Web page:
American Taxpayer Relief Act of 2012 Signed Into Law

Our elected representatives have finally done it…

Yes the double entendre is intended…Congress finally passed a bill to take steps to address a portion of the “Fiscal Cliff” issues, and the President signed the American Taxpayer Relief Act of 2012 into law yesterday. The details of this portion of their efforts are listed below. Notably absent are spending cuts; however, the need to address the cuts is referenced by putting those off for another two months – and for the next Congress.

Details of the legislation include raising taxes by about $600 billion over 10 years compared with tax policies that expired at midnight Monday. It would also delay for two months across-the-board spending cuts otherwise set to begin slashing the budgets of the Pentagon and numerous domestic agencies.

Highlights include:

  • Tax rates will permanently rise to Clinton-era levels (39.6%) for families with income above $450,000 and individuals above $400,000. All income below the threshold will permanently be taxed at Bush-era rates.
  • The tax on capital gains and dividends will be permanently set at 20 percent for those with income above the $450,000/$400,000 threshold. It will remain at 15 percent for everyone else.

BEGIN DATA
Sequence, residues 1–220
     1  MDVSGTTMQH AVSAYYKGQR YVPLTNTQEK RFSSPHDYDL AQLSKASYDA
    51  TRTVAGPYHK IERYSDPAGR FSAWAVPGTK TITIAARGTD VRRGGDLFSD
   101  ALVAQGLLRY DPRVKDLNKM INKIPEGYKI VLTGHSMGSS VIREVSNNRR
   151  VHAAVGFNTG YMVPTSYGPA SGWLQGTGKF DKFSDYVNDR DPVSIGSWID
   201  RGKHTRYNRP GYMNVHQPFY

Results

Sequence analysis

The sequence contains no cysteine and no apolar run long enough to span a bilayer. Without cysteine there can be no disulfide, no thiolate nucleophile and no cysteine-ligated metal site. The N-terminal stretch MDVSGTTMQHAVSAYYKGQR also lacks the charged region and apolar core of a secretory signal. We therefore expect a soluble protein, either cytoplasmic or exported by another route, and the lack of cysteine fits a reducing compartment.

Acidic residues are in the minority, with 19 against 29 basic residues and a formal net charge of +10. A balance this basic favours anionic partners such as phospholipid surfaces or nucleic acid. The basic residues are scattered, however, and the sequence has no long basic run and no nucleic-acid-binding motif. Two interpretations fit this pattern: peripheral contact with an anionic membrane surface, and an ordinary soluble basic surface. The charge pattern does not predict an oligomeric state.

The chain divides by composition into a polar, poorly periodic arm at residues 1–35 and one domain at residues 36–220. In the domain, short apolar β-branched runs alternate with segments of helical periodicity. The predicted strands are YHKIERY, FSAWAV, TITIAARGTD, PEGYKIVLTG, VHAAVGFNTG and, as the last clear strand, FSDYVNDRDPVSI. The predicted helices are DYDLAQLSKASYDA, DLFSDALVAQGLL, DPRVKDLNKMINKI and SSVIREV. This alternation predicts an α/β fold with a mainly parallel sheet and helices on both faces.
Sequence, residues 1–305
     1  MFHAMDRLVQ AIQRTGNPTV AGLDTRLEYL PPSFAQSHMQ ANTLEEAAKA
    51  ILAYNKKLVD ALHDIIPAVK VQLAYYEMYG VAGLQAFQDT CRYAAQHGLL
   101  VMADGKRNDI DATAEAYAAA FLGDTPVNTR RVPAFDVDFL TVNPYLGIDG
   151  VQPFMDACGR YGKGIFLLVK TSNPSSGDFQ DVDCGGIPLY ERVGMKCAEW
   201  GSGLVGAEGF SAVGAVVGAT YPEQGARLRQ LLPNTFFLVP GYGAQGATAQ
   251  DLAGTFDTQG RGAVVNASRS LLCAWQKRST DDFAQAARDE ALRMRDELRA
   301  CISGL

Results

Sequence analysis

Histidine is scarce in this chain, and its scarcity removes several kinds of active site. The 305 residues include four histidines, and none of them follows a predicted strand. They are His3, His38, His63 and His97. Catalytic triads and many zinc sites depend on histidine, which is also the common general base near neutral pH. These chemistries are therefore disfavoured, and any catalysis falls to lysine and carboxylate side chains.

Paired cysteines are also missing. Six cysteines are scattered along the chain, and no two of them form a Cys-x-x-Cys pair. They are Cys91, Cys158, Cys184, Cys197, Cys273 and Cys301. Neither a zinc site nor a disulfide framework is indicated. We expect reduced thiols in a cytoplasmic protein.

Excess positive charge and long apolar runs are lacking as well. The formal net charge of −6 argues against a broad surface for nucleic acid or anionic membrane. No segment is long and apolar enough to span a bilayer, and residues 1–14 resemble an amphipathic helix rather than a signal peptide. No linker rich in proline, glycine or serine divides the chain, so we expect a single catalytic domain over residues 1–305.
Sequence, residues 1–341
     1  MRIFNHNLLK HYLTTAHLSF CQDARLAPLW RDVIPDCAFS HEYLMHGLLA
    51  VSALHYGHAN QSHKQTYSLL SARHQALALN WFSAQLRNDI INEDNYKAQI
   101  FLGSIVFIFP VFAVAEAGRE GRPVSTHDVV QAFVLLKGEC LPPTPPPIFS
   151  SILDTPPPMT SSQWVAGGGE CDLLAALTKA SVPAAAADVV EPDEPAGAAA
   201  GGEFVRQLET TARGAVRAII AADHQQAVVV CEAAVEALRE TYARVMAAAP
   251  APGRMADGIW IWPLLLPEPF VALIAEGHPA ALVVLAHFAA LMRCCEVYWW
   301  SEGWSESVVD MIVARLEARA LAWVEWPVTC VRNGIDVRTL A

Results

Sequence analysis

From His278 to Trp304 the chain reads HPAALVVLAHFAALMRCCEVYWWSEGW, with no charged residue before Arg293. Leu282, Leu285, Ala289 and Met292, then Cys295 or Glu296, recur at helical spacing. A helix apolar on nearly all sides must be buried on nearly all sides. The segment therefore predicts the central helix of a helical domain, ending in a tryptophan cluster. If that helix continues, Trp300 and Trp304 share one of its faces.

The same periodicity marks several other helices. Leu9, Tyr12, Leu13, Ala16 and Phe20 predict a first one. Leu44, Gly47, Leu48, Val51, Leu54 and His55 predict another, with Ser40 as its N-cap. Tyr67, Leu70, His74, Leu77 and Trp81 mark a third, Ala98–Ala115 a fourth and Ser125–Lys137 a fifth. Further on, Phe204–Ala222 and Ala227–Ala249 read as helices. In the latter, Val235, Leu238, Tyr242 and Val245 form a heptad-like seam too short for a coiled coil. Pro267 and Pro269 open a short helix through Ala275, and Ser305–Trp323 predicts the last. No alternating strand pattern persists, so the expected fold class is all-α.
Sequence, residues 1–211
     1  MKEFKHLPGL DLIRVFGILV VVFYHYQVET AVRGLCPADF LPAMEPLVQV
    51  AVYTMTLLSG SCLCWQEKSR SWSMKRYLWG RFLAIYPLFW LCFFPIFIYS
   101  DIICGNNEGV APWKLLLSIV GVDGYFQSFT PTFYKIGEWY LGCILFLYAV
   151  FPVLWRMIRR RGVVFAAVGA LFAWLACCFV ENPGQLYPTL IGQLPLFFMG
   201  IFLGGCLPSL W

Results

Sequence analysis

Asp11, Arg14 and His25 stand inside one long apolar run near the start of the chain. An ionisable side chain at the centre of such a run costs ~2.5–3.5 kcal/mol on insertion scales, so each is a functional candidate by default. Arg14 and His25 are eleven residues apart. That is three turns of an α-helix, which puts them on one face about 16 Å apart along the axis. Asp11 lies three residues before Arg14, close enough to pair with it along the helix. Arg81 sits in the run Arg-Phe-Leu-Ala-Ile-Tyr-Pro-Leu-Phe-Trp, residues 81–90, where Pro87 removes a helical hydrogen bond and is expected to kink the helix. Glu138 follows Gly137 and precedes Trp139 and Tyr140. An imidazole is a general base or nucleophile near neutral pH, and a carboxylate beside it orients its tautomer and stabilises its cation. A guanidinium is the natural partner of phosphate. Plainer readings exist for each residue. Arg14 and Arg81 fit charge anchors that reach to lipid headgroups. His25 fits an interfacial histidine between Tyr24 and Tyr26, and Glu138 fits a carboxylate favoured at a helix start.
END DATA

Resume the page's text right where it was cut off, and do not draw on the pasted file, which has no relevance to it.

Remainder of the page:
• The estate tax will be set at 40%, with the first $5 million in value exempted for individual estates and $10 million for family estates. In 2012, such estates were subject to a top rate of 35%.
  • The sequester will be delayed for two months. Half of the delay will be offset by discretionary cuts, split between defense and non-defense. The other half will be offset by revenue raised by the voluntary transfer of traditional IRAs to Roth IRAs, which would tax retirement savings when they’re moved over.
  • The pay freeze on members of Congress, which Obama had lifted earlier this year, will be re-imposed.
  • The 2009 expansion of tax breaks for low-income Americans: the Earned Income Tax Credit, the Child Tax Credit, and the American Opportunity Tax Credit will be extended for five years.
  • The Alternative Minimum Tax will be permanently patched.
  • The bill does not address the debt-ceiling.
  • The payroll tax holiday will be allowed to expire.
  • Two limits on tax exemptions and deductions for higher-income Americans will be re-imposed: Personal Exemption Phase-out (PEP) will be set at $250,000 and the itemized deduction limitation (Pease) kicks in at $300,000.
  • The full package of temporary business tax breaks — benefiting everything from R&D and wind energy to race-car track owners — will be extended for another year.
  • Scheduled cuts to doctors under Medicare would be avoided for a year through spending cuts that haven’t been specified.
  • Federal unemployment insurance will be extended for another year, benefiting those unemployed for longer than 26 weeks. This $30 billion provision won’t be offset.

We encourage you to consult your Anders tax advisor to discuss how this affects your tax situation and what planning steps are available to you.